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The Enlightenment Period

David Hume

What are some details of David Hume’s life and career?

Hume was born in Edinburgh in 1711. His father was a distant relative of the Earl of Home, and his mother’s close relatives were lawyers. David was expected to study law, but he didn’t like it and left Edinburgh University when he was 15 to read and think about philosophy. He subjected himself to years of intense study, and in 1734 was under a doctor’s care for ailments of body and spirit. This was followed by a philosophical breakthrough, as well as work for a merchant in Bristol. He then spent three years at La Fléche, René Descartes’ (1596–1650) old school. Hume anonymously published A Treatise of Human Nature in 1739. This work was ignored by other intellectuals, and Hume himself later described it as having fallen “stillborn from the press.”

In hopes of greater recognition (Hume was consumed by what he called “love of literary fame”) he composed An Abstract of a Treatise of Human Nature, which was anonymously published in 1740. His next major philosophical work was Philosophical Essays concerning the Human Understanding (1748), which was retitled An Enquiry Concerning the Human Understanding (1758). Then came An Enquiry Concerning the Principles of Morals (1751). The Enquiry was more explicitly anti-religious than the Treatise. His Dialogues Concerning Natural Religion was probably written during the 1750s, although published posthumously.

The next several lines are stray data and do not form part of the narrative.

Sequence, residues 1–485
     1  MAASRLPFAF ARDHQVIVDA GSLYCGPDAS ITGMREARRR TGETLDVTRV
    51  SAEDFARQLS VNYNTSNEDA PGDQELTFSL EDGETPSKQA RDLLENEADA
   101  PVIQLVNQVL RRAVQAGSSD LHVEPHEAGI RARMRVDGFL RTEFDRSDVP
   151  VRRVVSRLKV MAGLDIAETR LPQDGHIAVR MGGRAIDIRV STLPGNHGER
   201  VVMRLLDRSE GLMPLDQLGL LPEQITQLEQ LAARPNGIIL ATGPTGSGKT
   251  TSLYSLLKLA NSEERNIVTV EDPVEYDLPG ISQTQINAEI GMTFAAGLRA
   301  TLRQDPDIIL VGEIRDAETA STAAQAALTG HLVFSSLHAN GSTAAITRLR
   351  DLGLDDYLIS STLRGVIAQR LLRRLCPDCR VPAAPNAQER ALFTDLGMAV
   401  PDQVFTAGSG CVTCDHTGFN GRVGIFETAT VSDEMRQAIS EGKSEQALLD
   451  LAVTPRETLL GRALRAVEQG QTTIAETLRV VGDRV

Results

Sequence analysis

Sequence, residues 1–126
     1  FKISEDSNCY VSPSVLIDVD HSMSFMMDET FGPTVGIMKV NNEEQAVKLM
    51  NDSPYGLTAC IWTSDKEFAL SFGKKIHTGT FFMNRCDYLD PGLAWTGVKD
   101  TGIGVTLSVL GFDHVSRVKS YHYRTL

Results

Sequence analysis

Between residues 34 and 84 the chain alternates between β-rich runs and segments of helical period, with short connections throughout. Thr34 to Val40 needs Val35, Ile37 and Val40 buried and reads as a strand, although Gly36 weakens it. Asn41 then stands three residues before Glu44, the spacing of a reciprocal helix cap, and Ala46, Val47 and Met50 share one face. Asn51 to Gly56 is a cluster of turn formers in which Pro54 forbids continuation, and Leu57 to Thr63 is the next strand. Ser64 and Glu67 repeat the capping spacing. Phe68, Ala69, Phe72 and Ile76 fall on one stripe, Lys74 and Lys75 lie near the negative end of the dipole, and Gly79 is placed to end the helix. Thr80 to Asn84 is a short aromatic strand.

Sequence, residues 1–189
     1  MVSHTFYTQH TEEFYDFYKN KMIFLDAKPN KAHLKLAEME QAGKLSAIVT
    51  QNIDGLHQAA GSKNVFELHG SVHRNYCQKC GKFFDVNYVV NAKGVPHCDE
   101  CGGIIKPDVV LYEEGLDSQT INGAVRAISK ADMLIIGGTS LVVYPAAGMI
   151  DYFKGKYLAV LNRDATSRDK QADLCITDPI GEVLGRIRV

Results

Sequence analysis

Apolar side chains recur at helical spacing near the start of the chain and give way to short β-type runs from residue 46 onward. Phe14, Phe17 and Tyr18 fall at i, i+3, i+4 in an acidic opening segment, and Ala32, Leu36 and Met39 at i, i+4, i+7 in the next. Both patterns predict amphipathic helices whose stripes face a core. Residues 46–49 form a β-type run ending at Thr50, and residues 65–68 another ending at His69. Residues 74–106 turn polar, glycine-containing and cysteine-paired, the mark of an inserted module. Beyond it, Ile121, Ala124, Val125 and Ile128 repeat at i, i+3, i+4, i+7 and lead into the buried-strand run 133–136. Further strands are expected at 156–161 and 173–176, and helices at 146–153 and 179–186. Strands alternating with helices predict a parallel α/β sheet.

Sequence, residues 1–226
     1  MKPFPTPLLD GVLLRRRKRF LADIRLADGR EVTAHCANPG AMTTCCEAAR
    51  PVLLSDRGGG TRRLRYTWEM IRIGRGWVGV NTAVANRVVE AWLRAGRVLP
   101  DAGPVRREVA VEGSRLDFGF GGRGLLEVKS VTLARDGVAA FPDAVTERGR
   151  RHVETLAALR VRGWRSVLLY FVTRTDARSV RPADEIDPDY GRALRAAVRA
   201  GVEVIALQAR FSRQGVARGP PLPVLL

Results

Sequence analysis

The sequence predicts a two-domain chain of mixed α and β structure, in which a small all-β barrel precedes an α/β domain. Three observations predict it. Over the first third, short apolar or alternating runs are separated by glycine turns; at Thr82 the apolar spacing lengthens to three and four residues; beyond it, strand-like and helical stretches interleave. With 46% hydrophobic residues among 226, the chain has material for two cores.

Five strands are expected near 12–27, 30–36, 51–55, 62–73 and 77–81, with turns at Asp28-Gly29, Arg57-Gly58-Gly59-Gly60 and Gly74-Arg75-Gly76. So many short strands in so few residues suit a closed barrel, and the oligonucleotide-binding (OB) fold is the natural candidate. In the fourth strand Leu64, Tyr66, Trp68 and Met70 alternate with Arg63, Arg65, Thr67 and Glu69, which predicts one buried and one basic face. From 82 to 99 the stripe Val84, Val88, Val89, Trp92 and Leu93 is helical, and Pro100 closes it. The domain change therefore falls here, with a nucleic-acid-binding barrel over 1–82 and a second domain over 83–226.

With his philosophical research complete, Hume applied himself to history (his History of Great Britain won him great fame and acclaim), economics, ethics, and political philosophy. However, he also tried, although without success, to secure the position of chair of philosophy at the universities of Edinburgh and Glasgow. He was appointed secretary to General St. Clair for three years in 1746, which led him to Brittany and Turin; and he was in charge of the Advocates Library in Edinburgh for five years, beginning in 1752. He was then private secretary to the British ambassador in Paris and undersecretary of state.



David Hume, depicted in this 1854 engraving, sought to create a science of the mind (iStock).
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